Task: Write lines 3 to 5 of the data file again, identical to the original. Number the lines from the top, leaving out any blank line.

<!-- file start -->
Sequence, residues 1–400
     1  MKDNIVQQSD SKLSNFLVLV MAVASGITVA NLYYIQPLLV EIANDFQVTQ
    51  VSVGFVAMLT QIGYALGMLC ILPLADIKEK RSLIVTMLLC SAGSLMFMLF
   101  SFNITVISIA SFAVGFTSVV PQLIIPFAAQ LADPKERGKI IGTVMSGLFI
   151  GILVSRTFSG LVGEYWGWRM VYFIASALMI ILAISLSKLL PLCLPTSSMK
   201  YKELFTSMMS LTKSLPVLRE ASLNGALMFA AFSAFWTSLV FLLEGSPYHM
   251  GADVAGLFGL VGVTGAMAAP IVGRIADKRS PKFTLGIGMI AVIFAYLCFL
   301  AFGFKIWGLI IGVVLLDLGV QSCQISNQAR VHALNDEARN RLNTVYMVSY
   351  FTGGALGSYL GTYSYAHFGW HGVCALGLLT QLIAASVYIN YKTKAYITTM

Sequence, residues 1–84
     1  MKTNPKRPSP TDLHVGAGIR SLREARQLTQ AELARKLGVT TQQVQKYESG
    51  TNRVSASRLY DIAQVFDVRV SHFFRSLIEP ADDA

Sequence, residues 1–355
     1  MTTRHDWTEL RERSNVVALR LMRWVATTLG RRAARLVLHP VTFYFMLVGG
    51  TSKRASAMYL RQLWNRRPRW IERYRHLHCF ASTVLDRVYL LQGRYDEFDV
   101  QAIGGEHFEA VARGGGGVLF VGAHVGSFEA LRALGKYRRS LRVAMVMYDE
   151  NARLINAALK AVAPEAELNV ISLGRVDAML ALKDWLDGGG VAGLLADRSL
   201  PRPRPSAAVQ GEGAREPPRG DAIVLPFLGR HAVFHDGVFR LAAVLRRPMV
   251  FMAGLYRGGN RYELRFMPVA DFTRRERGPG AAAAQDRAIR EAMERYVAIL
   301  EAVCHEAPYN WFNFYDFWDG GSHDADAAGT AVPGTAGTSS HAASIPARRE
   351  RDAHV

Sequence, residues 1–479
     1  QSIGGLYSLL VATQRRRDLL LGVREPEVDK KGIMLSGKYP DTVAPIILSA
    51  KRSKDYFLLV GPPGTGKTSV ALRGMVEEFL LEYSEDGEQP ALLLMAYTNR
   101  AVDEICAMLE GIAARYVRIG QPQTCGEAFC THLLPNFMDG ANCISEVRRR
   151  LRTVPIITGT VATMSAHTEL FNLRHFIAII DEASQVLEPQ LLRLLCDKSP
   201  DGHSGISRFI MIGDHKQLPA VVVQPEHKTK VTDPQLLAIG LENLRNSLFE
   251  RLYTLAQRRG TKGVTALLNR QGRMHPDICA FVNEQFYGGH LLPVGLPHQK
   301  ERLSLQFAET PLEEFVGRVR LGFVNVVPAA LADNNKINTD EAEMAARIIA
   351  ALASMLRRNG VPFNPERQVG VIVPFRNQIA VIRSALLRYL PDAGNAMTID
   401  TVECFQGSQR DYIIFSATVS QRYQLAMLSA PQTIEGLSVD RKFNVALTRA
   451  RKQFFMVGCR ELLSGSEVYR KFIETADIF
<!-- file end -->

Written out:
    51  VSVGFVAMLT QIGYALGMLC ILPLADIKEK RSLIVTMLLC SAGSLMFMLF
   101  SFNITVISIA SFAVGFTSVV PQLIIPFAAQ LADPKERGKI IGTVMSGLFI
   151  GILVSRTFSG LVGEYWGWRM VYFIASALMI ILAISLSKLL PLCLPTSSMK